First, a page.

In the city of Lompoc well over one-third of the city’s residential area is zoned for single-family dwellings.

A couple of years ago, the state of California concluded there was an “affordable housing crisis.” California Environmental Quality Act reviews contributed to this phenomenon because it had been used to delay, obstruct, and prevent the construction of many residential developments.

Another factor was the huge influx of large numbers of non-citizens into what was now a sanctuary state; so far politicians have refused to acknowledge this impact.

Other factors included very expensive regulatory changes that drove the price of construction well beyond the affordable category. Lastly, land on which to construct new housing was becoming much harder to find, largely due to environmental concerns.

In Lompoc there are a couple of projects that demonstrate problem.

One would contain 340 new single-family residences; it is tied up by legal wrangling concerning the provision of some needed services to the area. It was annexed to the city and the development plan approved almost 15 years ago, and when all is said and done, I am sure the cost of these homes will be well north of $600,000 each.

Another is a proposed annexation to the west of the city which would add about 1,700 new residences; the annexation request, also 15 years old, is being held up by the Local Area Formation Commission because the land is considered “prime agricultural land.”

Instead of reassessing the need for many of the regulatory restrictions that apply to new developments, the state concluded that they would simply instruct/order local governments to increase the density in single-family neighborhoods by adding so called “assessory dwelling units.”

In September 2021 California Gov. Gavin Newsom signed Senate Bill 9, “Housing development: approvals” to fix it.

To accommodate the new mandate, SB-9 exempted the approval of additional residences on parcels in single-family zones from CEQA review.

In other words, public agencies can’t consider the environmental, traffic circulation, provision of utility services or any other consequences of their actions when allowing increased density in single-family areas. SB-9 also stipulates these additions will be approved “ministerially” e.g., without a public hearing.

That sounds like a good idea until it’s put into practice. CEQA was created to require public agencies to “look before they leap” and consider the environmental consequences of their discretionary actions.

Keep in mind that when existing homes were built, the provision of streets, parking, domestic water, and wastewater systems was based on the density that was planned for one-families use, not for two or more families.

I live in a single-family neighborhood; some of the homes have already been modified to allow more than one family to live in them. One had a second story apartment added, another had an additional room added, and still others simply allowed their adult children to remain at home and bring their significant others into the home, too.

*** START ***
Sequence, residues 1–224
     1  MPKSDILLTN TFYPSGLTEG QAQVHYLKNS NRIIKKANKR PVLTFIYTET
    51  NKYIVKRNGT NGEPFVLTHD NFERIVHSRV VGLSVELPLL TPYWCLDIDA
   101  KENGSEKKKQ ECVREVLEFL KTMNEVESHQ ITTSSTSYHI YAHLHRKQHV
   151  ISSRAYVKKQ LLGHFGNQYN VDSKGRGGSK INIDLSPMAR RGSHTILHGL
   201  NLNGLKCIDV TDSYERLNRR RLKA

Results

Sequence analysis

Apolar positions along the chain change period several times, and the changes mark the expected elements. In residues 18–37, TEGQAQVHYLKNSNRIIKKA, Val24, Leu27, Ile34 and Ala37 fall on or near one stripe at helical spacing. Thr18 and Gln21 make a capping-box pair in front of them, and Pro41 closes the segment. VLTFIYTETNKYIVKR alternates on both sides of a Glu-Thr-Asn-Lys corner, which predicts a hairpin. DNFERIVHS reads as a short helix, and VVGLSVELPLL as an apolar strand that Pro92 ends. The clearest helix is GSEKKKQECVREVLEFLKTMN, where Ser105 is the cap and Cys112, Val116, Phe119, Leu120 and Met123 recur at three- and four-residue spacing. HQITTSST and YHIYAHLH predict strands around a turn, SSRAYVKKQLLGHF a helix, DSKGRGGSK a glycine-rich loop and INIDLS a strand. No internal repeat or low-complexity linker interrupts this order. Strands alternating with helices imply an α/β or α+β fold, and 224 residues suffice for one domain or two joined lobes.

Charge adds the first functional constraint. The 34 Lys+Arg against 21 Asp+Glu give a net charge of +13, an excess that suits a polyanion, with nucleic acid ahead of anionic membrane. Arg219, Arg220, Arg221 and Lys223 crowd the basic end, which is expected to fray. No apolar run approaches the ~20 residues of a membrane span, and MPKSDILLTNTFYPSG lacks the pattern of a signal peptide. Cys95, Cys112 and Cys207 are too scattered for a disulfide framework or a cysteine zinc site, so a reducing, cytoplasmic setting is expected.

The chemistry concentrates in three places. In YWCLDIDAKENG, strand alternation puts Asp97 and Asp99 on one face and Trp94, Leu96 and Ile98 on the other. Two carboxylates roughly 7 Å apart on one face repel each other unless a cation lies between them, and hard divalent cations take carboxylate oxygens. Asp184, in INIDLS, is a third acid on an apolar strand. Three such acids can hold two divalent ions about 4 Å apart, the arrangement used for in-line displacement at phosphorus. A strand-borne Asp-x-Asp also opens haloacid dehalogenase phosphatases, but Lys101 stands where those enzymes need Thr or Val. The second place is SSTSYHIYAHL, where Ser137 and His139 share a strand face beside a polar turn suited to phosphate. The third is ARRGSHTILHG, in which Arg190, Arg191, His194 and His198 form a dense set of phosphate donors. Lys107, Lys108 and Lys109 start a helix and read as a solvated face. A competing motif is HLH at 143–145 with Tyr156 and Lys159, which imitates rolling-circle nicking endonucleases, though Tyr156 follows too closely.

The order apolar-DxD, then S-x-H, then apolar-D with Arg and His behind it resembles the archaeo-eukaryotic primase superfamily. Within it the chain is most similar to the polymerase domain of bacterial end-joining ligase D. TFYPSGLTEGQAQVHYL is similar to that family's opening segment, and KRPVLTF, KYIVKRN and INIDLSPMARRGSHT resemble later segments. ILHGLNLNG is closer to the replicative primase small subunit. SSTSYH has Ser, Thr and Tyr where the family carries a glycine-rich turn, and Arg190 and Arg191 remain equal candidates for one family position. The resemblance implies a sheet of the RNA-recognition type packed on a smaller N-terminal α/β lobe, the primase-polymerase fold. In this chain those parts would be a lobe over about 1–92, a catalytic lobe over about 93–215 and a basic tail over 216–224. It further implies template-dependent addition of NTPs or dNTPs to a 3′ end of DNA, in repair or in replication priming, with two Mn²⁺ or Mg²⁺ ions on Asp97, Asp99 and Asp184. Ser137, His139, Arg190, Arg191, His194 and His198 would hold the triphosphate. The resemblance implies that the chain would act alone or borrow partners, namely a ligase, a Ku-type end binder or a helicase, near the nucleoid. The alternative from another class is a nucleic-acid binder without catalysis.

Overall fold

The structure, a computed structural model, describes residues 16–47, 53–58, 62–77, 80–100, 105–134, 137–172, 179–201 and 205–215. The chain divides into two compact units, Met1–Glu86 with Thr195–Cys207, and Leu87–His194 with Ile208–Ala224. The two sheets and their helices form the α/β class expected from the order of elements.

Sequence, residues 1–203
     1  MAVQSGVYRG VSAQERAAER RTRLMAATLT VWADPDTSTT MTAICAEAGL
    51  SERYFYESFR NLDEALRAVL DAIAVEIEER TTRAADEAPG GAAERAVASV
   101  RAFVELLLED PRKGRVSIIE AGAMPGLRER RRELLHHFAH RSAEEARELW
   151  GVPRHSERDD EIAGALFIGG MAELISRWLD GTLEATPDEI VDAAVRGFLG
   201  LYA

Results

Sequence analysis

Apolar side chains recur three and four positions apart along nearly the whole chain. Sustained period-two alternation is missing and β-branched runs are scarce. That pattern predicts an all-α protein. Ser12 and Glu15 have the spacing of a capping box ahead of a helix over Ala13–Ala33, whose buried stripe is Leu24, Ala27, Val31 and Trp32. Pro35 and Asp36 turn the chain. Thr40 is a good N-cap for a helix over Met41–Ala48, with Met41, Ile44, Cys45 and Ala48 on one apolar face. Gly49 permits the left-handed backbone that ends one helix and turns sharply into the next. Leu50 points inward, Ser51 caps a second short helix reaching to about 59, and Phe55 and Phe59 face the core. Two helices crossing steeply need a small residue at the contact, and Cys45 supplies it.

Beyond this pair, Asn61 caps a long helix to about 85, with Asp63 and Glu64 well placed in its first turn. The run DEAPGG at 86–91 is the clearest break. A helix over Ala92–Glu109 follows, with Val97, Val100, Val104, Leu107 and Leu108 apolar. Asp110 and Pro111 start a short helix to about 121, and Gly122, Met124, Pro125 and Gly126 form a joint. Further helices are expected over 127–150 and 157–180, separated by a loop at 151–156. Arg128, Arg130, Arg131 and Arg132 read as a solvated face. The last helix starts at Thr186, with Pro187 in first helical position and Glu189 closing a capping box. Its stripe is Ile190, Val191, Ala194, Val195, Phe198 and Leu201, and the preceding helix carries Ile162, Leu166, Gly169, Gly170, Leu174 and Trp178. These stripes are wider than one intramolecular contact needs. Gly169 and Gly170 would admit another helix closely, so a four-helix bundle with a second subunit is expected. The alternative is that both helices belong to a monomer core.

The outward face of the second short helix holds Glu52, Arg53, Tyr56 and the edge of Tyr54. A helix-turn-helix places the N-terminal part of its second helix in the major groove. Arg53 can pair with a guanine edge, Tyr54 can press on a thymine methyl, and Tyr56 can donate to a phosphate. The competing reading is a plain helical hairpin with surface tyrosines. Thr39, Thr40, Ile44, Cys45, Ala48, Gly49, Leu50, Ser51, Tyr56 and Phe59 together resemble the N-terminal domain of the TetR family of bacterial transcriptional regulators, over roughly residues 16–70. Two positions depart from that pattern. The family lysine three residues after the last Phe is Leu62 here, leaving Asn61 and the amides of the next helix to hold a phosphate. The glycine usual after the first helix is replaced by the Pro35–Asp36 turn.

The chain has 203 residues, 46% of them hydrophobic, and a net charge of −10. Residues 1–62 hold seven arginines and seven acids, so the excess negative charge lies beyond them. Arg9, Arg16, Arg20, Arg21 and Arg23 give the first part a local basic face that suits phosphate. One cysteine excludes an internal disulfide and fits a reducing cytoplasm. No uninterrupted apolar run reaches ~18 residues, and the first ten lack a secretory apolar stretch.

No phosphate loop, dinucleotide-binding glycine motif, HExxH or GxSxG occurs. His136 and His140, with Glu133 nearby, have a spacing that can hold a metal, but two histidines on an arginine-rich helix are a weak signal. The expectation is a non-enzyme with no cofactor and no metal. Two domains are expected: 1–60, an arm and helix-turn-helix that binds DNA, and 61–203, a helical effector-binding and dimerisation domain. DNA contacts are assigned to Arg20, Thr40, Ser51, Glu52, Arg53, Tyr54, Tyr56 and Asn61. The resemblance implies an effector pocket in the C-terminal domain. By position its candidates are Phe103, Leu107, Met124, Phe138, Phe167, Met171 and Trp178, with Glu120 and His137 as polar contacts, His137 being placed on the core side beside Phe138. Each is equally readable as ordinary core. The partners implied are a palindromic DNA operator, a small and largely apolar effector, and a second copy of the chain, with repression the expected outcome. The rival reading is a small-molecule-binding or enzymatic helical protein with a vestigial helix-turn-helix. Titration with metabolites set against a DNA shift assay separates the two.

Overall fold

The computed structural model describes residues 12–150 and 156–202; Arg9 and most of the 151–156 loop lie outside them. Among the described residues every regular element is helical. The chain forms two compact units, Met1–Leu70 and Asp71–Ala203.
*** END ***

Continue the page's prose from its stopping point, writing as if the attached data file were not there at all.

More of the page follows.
Of the dozen homes on our block, three use the required garages for purposes other than parking; some for storage and others for recreation rooms. And, because there are so many adults living in these homes the street is full of parked cars and utility trailers.

The unintended consequences are that the street sweeper can’t service our street properly because of the congestion; trash trucks must maneuver through the parked cars to pick up the containers; and the increased traffic has caused severe deterioration of the pavement to the point that will probably have to be replaced — if the city ever has enough street maintenance finds to fix it.

Theoretically, all 12 houses could be converted to allow additional residences thus adding to the congestion and service needs on this one city block.

More unintended consequences are that the state is suffering from drought conditions; water supplies are dwindling as local governments are required to allow urban densities to double in some areas.

Eventually there won’t be enough water to serve all these people, but local officials aren’t even allowed to assess the impact of increased densities because the state waived the CEQA process.

Currently, the median price in Lompoc for preowned homes is approaching $400,000; average families who work multiple jobs can’t afford to buy their own home.

I understand the need for so-called affordable housing, but our politicians need to consider that every time they delay a project, add a new regulation or mandate green energy programs, they are driving the construction costs even higher.

It just seems like the average citizen no matter what their political affiliation can’t get ahead.

— Ron Fink, a Lompoc resident since 1975, is retired from the aerospace industry. He has been following Lompoc politics since 1992, and after serving for 23 years appointed to various Lompoc commissions, retired from public service. The opinions expressed are his own.